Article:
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Subject: RE: BS: Schoolyard bullying
From: Azizi
Date: 31 Oct 09 - 11:40 AM

David el Gnomo, you're welcome. But I didn't write much of anything about White/White racism and I'm not sure that the Black/Black taunting actually qualifies as "racism".

Be that as it may, my central point was that ostracism happens for a number of reasons [in the USA] during school lunches and recess [and also in colleges/universities] and I don't think that administrators should enforce a no-ostracism rule during those times.

That said, I would of course prefer that it doesn't happen, but this forum is proof that people often self-select leisure time activities where we are not "the only one" or where we aren't "one of only a few".

None of this should detract from the point that all forms of taunting are wrong, and also this shouldn't detract from the point that the police shouldn't be involve as a matter of course as a consequence to racial or other forms of taunting.


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Subject: RE: BS: Schoolyard bullying
From: McGrath of Harlow
Date: 31 Oct 09 - 01:11 PM

hair the colour of an Irish Setter. I wouldn't call that "ginger" - I 'd think of that as being a more yellowish shade of red.

Never understood the thing about red hair - I seem to remmeber growing up that red hair was if anything something admired, with a feeling that it might indicate a certain tough quality. Of course that was a boys only school.

I can't see how having a policy that specifically addresses a particular type of bullying implies that other kinds of bullying are trivial. If you have a policy about smoking you wouldn't expect it to include a section about drinking.


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Subject: RE: BS: Schoolyard bullying
From: VirginiaTam
Date: 31 Oct 09 - 01:27 PM

Yep

I was a real beauty when I was 14.

Woof!


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Subject: RE: BS: Schoolyard bullying
From: Dave the Gnome
Date: 31 Oct 09 - 01:42 PM

I can't see how having a policy that specifically addresses a particular type of bullying implies that other kinds of bullying are trivial. If you have a policy about smoking you wouldn't expect it to include a section about drinking.

I would have tended to agree in the past McG but you must admit that, unless something is specificaly mentioned nowadays, it tends to get lost. When a policy is introduced it must cover all aspects or none. By mentioning racism in particlar the authorities adopting the policy should be aware that it can, and will, be construed as exclusive of other forms of abuse. And at our school if a teacher told us not to smoke but failed to mention drink you could be sure that at least 2 people would be face down in the gutter before the day was out:-)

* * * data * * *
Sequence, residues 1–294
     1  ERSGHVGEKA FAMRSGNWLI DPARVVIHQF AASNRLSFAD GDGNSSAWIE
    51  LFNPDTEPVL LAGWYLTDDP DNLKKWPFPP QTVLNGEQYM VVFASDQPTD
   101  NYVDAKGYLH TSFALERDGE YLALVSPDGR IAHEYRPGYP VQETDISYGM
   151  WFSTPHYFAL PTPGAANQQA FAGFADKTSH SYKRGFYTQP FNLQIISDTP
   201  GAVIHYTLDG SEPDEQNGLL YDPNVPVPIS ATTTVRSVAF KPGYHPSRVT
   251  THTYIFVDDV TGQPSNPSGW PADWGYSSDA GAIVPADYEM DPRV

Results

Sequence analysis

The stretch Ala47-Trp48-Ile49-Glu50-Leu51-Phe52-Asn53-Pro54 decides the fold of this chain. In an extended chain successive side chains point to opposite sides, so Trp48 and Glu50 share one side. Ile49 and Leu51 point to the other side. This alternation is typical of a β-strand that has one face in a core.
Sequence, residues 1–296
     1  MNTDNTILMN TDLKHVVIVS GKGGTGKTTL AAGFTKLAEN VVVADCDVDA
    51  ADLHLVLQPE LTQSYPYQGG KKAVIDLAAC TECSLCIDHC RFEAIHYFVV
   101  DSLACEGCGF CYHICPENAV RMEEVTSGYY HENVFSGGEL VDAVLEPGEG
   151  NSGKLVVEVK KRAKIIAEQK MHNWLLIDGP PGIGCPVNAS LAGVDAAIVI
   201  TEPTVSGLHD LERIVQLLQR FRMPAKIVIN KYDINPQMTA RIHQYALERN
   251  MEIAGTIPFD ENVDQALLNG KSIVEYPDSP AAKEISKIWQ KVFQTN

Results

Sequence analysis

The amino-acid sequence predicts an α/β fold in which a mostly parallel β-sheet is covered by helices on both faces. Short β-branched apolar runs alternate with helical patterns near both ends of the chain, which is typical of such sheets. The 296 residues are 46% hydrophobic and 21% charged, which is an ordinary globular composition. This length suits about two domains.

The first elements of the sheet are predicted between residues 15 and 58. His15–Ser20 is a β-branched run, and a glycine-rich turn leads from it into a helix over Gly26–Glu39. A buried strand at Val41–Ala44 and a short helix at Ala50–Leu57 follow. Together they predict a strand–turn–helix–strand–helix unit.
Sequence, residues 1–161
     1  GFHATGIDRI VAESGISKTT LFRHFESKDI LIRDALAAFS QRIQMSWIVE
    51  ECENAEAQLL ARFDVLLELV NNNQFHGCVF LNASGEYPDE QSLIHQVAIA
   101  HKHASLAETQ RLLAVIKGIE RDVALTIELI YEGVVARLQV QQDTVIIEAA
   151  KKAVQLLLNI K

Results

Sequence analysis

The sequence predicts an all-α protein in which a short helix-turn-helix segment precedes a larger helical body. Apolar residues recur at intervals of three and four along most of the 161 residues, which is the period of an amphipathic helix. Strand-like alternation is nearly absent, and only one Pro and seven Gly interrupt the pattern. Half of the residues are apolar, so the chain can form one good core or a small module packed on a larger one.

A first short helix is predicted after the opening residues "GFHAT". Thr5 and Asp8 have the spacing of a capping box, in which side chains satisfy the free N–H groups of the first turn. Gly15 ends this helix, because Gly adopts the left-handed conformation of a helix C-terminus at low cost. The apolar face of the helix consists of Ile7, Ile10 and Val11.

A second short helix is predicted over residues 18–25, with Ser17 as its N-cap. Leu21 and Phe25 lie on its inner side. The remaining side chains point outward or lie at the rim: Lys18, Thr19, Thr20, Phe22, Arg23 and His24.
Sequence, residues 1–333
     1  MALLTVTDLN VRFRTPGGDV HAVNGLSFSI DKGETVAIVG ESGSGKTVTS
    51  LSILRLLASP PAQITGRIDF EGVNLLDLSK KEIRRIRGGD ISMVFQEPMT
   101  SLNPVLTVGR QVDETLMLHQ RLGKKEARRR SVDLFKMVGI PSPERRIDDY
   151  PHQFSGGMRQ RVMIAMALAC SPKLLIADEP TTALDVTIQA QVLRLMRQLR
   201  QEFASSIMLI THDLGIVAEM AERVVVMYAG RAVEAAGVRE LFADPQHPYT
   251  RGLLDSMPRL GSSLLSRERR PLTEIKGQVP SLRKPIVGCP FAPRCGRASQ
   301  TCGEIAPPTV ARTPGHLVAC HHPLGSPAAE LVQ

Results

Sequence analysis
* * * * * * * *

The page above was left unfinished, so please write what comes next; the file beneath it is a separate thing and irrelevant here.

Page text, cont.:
Azizi - You did not need to say much. Just by highlighting the fact that taunts do happen between people of the same colour you set me to thinking how complex an issue it was. Your later comment of black/black taunts possibly not qualifying as racism has shown me what a can of worms will be opened if schools do adopt this policy. Imagine what the right wing press would make of a white child being taken to the police on racist allegations because they have insulted a black child, while a black child, using the same taunts to the same child, is not. Crikey - does not bear thinking about!

Cheers

DeG


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Subject: RE: BS: Schoolyard bullying
From: Azizi
Date: 31 Oct 09 - 02:16 PM

When I wrote that post, I didn't mean to imply that it would be a racist act for a White child to use a taunt that included a racial term against a Person of Color but that it wouldn't be a racist taunt if-for instance-a Black child used a taunt that included the same, similar, or another racial term against a person of his or her same race.

I was thinking about whether a taunt that included a racial slur met any of these definitions of racism:

Racism:
-the prejudice that members of one race are intrinsically superior to members of other races

-discriminatory or abusive behavior towards members of another race
http://wordnetweb.princeton.edu/perl/webwn?s=racism

and

-The belief that each race has distinct and intrinsic attributes.

-The belief that one race is superior to all others.

-Prejudice or discrimination based upon race

http://en.wiktionary.org/wiki/racism

-snip-

With regard to taunts, I think that the question of intentions has to be considered, but that absolutely doesn't mean that just because a person didn't intend to cause harm, harm didn't occur.

I believe that when children taunt other children, they do indeed mean to hurt them. People who taunt lash onto that which they think will hurt-in the case of "racial taunts" that means talking negatively about another person's race or ethnicity. Notice I wrote racial taunts and not racist taunts. I think this distinction is important. And I definitely believe that every mention of race or ethnicity isn't racist.

It seems to me that adults are already tip-toeing around any mention of race/ethnicity. Is that approach what we really want for our children?